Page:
There's such a thing as a GUID. It's a very large number, generated at random. Here's one: "3F2504E0-4F89-11D3-9A0C-0305E82C3301". Isn't it pretty?
GUID stands for "Globally Unique Identifier". The idea being that that number will only ever be generated once. But, of course, it is random. It's just vanishingly improbable that it'll be generated more than once.
Now, you've probably seen these before. If you've ever looked at the Windows registry, it's full of them. A few, mostly ASP.NET, websites take them as parameters in URL queries (there's a blogging platform that does this); this is of course a great aid to that variety of web developer who believes in making dynamic URLs as long, incomprehensible and ugly as possible.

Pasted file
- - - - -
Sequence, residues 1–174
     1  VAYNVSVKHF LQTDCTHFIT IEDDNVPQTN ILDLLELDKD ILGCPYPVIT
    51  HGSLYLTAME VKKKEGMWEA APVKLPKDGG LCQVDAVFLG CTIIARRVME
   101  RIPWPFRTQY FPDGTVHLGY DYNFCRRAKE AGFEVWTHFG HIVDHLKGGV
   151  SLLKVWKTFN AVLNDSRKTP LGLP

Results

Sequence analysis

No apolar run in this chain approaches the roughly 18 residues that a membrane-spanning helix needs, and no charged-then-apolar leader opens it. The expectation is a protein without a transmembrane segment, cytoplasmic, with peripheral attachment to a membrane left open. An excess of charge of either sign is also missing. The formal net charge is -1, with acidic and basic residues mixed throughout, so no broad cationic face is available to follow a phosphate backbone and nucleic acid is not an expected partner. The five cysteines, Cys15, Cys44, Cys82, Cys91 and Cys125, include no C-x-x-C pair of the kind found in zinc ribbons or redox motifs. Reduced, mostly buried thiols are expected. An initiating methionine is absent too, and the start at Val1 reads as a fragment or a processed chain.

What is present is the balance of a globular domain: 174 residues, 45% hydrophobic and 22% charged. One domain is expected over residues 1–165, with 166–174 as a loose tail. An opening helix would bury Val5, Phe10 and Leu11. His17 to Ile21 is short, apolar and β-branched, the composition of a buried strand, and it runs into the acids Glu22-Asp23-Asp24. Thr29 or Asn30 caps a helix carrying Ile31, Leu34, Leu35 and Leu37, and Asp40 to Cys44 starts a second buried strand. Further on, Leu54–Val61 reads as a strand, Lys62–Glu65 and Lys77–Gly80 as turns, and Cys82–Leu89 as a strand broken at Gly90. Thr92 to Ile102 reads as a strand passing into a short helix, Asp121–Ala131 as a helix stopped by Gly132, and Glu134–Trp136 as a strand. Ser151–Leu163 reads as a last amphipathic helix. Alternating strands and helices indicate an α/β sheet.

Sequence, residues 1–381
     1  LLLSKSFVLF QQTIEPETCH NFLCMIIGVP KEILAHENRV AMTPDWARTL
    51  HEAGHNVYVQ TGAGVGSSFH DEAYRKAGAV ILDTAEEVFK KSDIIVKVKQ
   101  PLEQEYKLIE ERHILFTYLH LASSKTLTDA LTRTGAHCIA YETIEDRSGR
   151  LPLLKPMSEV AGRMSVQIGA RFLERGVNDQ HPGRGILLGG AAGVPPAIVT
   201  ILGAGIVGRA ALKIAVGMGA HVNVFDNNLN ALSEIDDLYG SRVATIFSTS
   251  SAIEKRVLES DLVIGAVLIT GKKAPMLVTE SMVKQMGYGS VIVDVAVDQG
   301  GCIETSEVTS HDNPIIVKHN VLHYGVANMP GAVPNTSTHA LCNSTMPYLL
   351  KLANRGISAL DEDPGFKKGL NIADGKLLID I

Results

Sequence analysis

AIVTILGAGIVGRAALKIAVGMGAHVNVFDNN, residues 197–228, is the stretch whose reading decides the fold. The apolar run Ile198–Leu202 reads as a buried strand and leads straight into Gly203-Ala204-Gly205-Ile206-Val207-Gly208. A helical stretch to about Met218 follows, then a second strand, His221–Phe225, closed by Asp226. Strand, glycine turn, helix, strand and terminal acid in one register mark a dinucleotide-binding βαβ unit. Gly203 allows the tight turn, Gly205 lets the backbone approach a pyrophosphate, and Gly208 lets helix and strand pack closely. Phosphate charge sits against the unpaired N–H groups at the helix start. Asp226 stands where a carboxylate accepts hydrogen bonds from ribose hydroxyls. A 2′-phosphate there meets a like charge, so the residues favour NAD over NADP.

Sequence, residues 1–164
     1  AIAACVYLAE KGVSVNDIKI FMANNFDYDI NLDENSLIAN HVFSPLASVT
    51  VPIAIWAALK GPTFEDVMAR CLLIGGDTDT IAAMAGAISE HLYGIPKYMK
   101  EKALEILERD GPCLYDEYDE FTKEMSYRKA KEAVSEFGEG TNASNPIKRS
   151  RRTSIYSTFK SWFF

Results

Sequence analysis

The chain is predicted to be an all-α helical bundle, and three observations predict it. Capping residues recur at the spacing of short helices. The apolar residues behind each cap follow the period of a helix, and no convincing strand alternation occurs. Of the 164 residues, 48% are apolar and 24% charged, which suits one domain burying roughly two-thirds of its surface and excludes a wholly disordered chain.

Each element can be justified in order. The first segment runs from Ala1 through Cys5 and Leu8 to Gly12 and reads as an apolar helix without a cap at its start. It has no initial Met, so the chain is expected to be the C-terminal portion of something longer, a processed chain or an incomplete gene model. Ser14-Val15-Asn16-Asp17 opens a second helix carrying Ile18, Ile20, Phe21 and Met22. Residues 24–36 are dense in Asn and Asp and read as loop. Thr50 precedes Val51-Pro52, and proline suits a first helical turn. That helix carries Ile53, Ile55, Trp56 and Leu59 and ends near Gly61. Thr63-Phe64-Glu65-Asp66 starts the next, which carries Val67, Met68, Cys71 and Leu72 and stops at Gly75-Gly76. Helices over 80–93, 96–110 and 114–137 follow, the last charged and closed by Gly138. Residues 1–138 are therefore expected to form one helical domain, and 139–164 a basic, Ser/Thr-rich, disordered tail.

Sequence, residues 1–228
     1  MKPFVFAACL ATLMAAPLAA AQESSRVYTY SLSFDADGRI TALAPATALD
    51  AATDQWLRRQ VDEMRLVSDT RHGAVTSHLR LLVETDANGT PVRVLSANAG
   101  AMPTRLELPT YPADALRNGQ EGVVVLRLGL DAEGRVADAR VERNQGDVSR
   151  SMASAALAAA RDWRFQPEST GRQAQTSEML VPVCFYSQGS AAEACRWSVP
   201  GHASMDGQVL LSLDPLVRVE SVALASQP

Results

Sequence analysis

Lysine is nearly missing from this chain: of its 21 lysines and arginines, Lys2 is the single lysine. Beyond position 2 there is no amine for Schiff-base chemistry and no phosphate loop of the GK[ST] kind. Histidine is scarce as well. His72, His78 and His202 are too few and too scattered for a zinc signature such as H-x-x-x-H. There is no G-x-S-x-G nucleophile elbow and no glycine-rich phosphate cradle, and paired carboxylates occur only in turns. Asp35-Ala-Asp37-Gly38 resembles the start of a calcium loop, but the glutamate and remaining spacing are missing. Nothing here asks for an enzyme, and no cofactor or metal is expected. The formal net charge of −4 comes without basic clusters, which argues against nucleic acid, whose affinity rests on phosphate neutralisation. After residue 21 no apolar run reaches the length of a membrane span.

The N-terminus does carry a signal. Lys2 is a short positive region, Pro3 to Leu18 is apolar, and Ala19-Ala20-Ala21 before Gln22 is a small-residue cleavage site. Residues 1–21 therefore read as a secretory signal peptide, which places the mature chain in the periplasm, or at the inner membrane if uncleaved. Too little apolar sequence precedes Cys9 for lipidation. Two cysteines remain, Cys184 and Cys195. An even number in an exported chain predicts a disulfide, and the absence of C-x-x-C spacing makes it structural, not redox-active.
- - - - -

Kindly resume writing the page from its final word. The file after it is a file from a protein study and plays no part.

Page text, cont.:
They're useful for all sorts of reasons. For example, you can merge two database tables with the same schema if their primary keys are GUIDs, say; after all, they're 'unique'. Because they're useful, they're increasingly used, especially in .NET land.
And yet, I wonder. Sure, it's incredibly unlikely that a collision will occur in any real-world system. But what would happen if it did? Might your parking ticket get turned into a regicide on your criminal record? Might your bank suddenly think that you owe the National Debt of South Africa? Might the local nuclear power plant next door suddenly load enough fuel rods for the next eight centuries? Are systems designed with GUIDs even prepared for this (remote) eventuality?